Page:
exceptions, that is, when positive skills
and coping strategies are experienced.
Consistent with a wellness, strengthbased
counseling framework, counselors
should assess for clients’ strengths—if
any—derived from the parentification
process and infuse them into the
counseling and treatment planning
process. Therefore, the advantage of the
application of the counseling wellness
framework—as compared to a deficit or
medical model framework—is that it
allows for the explication of differential
outcomes—both negative and positive—
associated with parentification
(DiCaccavo,2006; Hooper,2007;
Jurkovic, 1997; Mayseless , et al.,
In the case of potential neglect, such as
parentification, many factors, as
previously described, may contribute to
the same event or process leading to
divergent outcomes. For example,
parentification can be perceived as
traumatic, as stressful but not traumatic,
or as a regular, even an anticipated
cultural event in the course of daily
living (Walsh, et al., 2006). To this end,
a large body of trauma literature has
suggested that the number of stressors
has more to do with the outcome or
aftereffects than does a particular
stressor itself (Waller, 2001). Thus, in
the case of parentification, the number of
stressors may influence the outcome
exhibited in both childhood and
Also, as asserted in the parentification
literature (Chase, 1999; Jurkovic, 1997,
1998; Minuchin et al., 1967), how long
the stressor was related to providing
caregiving to the parent and sibling is
also a contributing factor for those
children who carry out the parentified
role in their family of origin. Those who
perform this role for short periods of
time may perceive the role as less
overwhelming, stressful, or traumatic
than will others (Byng-Hall, 2002;
Saakvitne & Tennen, 1998; Tedeschi &
Calhoun, 1995). Finally, from a
developmental perspective, older
children are likely to feel more equipped
to take on the caregiving role than
younger children, thereby influencing
growth or distress outcomes associated
to the parentification process.
All counselors should consider the
following points when working with
clients who have a history of
1. First, consider that not all clients who
are parentified experience negative
sequlae that are often reported in the
clinical and research literature (Barnett
& Parker, 1998; Byng-Hall, 2002;
Jurkovic, 1997; Jurkovic & Casey, 2000;
McMahon & Luthar, 2007; Thirkield,
2002; Tompkins, 2007).
2.Consider how long the parentification
process has been going on. The resultant
aftereffects may be different for clients
for whom the process is brief and
temporary as compared to long and
chronic (DiCaccavo, 2006; Tompkins,
2007). Shorter brief episodes of
parentification may foster competency
and self-efficacy in the client rather than
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Defining and Understanding Parentification 38
Defining and Understanding Parentification
pathological, poor outcomes (McMahon
& Luthar, 2007).
3.Consider the age of the client. The
aftereffects are likely to be different for
a younger child who is parentified as
compared to an older adolescent
(Kaplow & Widon, 2007; Walsh et al.,
4.Determine if the parentification
process is delimited to instrumental,
emotional, or both. The research
suggests emotional parentification may
be more deleterious than instrumental
parentification (Hooper, 2007;
McMahon & Luthar, 2007; Tompkins,
5.Consider the cultural and familial
context in which the client is embedded.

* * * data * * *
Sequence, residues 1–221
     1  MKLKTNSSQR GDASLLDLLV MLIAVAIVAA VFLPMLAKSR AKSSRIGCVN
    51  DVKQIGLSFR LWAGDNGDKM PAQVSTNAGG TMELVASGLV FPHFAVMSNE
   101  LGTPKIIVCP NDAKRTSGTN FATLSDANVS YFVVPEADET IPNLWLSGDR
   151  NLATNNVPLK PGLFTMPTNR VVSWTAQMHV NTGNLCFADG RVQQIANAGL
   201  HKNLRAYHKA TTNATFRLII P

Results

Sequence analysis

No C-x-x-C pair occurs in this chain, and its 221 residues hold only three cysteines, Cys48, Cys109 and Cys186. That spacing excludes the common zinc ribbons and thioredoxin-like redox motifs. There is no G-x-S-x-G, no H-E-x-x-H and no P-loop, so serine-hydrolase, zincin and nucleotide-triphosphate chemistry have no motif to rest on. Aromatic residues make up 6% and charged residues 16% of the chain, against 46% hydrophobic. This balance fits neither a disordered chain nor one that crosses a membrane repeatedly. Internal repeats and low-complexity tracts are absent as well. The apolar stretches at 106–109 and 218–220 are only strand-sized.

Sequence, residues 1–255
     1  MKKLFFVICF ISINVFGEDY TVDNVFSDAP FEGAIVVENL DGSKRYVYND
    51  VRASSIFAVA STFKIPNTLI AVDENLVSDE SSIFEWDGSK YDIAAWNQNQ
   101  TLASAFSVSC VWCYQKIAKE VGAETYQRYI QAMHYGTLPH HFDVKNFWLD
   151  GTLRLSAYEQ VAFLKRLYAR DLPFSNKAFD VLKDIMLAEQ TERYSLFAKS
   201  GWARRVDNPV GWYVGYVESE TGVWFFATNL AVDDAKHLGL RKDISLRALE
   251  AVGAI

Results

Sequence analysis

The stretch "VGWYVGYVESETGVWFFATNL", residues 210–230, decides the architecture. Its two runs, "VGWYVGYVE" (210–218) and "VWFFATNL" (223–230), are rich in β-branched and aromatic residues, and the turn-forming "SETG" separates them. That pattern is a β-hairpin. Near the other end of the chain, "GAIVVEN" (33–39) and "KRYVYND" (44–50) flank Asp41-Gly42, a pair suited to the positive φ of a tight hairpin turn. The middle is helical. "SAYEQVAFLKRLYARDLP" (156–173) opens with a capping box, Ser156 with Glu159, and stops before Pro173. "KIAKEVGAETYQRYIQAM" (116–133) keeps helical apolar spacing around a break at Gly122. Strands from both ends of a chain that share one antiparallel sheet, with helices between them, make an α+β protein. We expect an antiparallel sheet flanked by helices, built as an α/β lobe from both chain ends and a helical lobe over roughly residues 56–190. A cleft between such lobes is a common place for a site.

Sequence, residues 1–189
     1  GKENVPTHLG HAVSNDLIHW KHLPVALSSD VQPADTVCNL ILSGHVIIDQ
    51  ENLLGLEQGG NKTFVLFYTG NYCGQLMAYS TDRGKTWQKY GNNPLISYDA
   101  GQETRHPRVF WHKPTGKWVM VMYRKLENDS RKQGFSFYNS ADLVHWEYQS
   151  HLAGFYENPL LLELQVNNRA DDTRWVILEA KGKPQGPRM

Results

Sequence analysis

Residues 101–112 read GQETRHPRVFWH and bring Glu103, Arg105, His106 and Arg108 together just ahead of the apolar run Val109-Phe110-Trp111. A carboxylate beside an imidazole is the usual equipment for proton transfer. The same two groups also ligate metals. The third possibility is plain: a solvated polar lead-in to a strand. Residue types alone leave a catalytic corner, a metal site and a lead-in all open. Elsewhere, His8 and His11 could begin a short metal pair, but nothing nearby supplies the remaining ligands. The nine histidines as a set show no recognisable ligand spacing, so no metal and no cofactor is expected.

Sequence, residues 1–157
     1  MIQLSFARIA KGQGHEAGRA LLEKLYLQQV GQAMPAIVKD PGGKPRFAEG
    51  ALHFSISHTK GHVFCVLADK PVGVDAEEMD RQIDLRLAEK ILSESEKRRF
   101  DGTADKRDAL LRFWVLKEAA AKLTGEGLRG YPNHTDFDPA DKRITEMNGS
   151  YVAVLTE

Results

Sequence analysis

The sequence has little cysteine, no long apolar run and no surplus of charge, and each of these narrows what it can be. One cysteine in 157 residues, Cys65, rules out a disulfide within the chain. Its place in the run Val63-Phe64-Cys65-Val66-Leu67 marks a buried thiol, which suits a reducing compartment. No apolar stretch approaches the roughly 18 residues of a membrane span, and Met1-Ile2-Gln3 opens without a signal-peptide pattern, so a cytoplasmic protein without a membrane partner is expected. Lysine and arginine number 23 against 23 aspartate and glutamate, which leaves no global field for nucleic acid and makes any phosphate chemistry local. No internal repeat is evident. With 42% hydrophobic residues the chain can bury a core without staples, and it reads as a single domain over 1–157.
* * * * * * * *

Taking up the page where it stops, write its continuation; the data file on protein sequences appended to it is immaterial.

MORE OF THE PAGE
For example, how do the family and
people who adopt the client’s culture
perceive the parentification process
(Jurkovic, et al., 2001; Walsh, et al.,
2006)? Is the parentification process
culturally expected and valued?
6.Consider using a questionnaire to
capture the level, type, and perceived
fairness of parentification (e.g., Jurkovic
& Thirkield, 1998, for child and adult
7.Examine to what extent the client feels
the parentification process is “fair.”
Again, research suggests if the process is
perceived to be “fair” then it is often
associated with fewer negative outcomes
(Jurkovic, et al., 1999).
8.There may be strengths engendered by
the parentification process (Hooper,
2007; Tompkins, 2007). Thus it may be
helpful to explore both positive and
negative aspects of the parentification
9.Involve the family if possible.
Education may be all the family needs to
help the client and family restore or
reestablish the appropriate boundaries
where the child (if working with a child
or adolescent) has a safe, appropriate
context to grow, learn, differentiate, and
thrive (Walsh et al., 2006).
10.Consider a referral. Depending on the
context in which a counselor works, and
the extent and level of adversity
associated with the parentification
process, specific trauma-based
counseling (Calhoun & Tedeschi, 1999)
may be indicated.
Counselors and researchers have long
demonstrated a clear awareness of the
deleterious effects of parentification in
general (Chase, 1999; Jurkovic, 1997;
Mayseless, Bartholomew, Henderson, &
Trinke, 2004). On the other hand, and at
the same time, Barnett and Parker
(1998) concurred with Boszormenyi-
Nagy and Spark (1973) that it may in
fact be maladaptive to avoid or miss out
on any parental roles in the family of
origin—in that many lessons for
adulthood and parenthood are derived
from family-related roles and
responsibilities (i.e., parentification)
during childhood. Recently, Barnett and
Parker (1998) have questioned whether
parentification leads to early competence
or childhood deprivation. Similarly, one
of the “founding fathers” (Boszormenyi-
Nagy) of the construct of parentification
reminded counselors, theorists,
researchers, and the like that “the term
describes a ubiquitous and important
aspect of most human relationships. It is
suggested that parentification should not
be unconditionally ascribed to the realm
of ‘pathology’ or relational dysfunction.
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39 Defining and Understanding Parentification
Defining and Understanding Parentification
It [parentification] is a component of the
regressive core of even balanced,
sufficiently reciprocal relationships”
(Boszormenyi-Nagy & Spark, 1973, p.
Correspondence regarding the
manuscript should be directed to: Lisa
M. Hooper, Ph.D., Department of
Educational Studies in Psychology,
Research Methodology, and Counseling,
The University of Alabama, Box
870231, Tuscaloosa, Alabama 35487-
0231. Email:
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The Alabama Counseling Association Journal, Volume 34, Number1, Spring 2008
43 Defining and Understanding Parentification